Find Your Compass--By Looking Inward

I came across this meme while searching for interesting news to push out on Wayfarers Facebook Page, and while I don't generally share memes, this one caught my attention.

Maybe Susan B. Anthony could have been a therapist!  In that last phrase, where she suggests that the conscience is the best place to find approval for one's actions, she is offering wisdom that seems to elude many people who suffer from anxiety and depression.  In fact, I suspect that one of the surest paths to emotional distress is for people to ignore what their conscience tells them is right for them, and look to external cues (what do others want? does it feel good in this moment? is it exciting? will I make someone angry?) to find their way.   When people make choices that are essentially acts of aggression towards themselves, while they may be able to stay on auto-pilot and not think about what they are in fact doing, their enduring symptoms will eventually tell the truth.

Many people come into therapy confused about the chaos or paralysis that they experience in their lives.  Under inquiry we discover that they are consistently using their emotions, wants, desires for approval, and buried fears as a compass for action--in addition to the demands, manipulations, and even threats* of others--rather than considering their values and beliefs and personality traits.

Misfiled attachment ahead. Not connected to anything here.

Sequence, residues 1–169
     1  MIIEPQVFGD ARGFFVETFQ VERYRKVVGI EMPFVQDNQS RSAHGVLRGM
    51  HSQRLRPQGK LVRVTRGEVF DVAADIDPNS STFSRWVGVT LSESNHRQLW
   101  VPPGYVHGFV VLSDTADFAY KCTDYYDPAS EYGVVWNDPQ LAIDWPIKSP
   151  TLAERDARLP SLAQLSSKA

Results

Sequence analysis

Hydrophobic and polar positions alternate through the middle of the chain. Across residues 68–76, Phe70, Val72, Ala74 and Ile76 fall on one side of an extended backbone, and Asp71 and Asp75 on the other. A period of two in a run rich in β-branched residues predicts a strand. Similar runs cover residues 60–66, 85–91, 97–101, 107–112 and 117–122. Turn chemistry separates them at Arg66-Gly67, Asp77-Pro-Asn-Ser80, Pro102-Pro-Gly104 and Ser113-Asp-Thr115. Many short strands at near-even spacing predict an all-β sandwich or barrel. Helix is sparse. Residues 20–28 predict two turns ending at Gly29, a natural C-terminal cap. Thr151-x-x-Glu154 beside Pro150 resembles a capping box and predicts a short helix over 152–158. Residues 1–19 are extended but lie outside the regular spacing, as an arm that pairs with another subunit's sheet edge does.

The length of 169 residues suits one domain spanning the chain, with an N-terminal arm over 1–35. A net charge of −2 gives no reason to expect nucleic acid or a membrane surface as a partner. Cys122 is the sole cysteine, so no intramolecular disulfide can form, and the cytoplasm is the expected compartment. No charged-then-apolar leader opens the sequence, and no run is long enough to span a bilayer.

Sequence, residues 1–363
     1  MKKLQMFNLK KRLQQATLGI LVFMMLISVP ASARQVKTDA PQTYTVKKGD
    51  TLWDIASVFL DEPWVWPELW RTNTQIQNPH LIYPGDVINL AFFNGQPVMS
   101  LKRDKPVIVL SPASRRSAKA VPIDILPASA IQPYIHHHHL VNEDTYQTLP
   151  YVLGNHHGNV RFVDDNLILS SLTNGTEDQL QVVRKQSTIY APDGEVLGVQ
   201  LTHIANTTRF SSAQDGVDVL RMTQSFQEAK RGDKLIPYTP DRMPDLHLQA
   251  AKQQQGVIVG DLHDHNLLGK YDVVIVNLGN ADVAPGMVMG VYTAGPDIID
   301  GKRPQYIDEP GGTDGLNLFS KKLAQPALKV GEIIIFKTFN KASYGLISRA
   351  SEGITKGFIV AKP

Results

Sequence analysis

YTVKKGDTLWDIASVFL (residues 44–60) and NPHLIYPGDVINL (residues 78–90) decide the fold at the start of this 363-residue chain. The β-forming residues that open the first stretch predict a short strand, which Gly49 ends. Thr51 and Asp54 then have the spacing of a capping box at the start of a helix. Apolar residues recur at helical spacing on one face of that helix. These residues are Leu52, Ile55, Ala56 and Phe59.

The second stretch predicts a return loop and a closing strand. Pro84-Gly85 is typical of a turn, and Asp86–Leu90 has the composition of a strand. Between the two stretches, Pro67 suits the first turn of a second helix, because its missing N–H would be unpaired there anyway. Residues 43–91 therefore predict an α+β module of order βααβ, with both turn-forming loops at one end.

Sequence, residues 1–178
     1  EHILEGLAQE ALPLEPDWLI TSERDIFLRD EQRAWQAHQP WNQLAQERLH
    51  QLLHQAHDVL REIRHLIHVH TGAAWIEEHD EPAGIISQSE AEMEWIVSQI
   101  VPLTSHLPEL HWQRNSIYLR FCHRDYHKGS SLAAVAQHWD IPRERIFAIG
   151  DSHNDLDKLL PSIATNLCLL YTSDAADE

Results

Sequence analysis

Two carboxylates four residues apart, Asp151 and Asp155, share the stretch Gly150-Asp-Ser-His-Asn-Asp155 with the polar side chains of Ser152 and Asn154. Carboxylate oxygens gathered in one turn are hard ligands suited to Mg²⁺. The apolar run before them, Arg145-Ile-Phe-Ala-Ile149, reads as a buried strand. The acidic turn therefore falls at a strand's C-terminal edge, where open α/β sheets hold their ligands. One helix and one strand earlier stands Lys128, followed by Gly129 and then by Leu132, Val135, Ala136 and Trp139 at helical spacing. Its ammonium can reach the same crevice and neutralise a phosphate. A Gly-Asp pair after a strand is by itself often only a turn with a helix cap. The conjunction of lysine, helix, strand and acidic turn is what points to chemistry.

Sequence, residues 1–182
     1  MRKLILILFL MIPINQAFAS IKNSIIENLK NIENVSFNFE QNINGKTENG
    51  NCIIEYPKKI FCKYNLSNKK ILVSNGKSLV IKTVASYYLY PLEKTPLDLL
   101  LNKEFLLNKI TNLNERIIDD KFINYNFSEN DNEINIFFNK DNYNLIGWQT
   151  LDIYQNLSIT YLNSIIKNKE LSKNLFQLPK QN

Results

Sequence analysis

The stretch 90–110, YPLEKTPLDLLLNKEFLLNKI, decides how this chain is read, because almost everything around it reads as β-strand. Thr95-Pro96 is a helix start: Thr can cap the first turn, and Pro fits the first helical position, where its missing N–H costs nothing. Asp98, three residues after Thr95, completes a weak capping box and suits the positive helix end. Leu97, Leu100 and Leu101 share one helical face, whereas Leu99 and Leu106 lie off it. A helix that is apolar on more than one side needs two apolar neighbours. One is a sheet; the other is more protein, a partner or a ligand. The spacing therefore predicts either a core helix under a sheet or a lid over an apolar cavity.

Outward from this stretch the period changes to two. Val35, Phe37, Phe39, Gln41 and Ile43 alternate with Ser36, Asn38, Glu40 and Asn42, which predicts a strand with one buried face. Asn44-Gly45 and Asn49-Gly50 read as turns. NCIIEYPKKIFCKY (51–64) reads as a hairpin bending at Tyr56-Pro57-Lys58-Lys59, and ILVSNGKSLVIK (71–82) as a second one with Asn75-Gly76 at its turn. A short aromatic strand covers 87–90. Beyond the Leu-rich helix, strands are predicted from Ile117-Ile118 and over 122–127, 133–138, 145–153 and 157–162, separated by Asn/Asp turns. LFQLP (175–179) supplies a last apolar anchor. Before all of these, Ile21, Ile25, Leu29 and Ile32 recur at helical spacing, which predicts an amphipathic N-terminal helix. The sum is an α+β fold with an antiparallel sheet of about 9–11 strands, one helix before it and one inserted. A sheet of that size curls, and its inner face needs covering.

Emotions and wants change all the time, depending on anything from the weather to circumstances to how much sleep we got the night before. But our values, our ethics, our morals, our temperament, our history--the parts of us that make us uniquely human, and uniquely ourselves--are a steady part of who we are, and can be used like the humble and yet awesome compass, to point us in the direction that allows us to reach our goals and become our best selves.

For some, the very act of looking inward, and asking "who am I?", may seem useless or frivolous--and for others, it can represent one of the most terrifying acts of their lives.   Alienation and separation from the self is a habit that is as hard to break as any.  Like carbon monoxide it is an invisible poison that people don't know they have ingested, and learning to recognize it as the source of suffering, and to then change one's ways....that is often the long hard work of therapy.

Therapy is a journey that requires self-compassion, courage, and an enormous amount of hard work.    Some are ready for it, and some are not.  Today, at least, I encourage you to breathe deeply, and to remember Susan B. Anthony's words next time you are faced with a dilemma.  

Many blessings, and I hope you are all enjoying your summer. 

Laurie

*I should add that when people are in relationships or situations where they are being controlled through another person's acts of violence, or through other circumstances such as finances, this can restrict a person's choices significantly.  A psychotherapist is a good place to start, no matter what.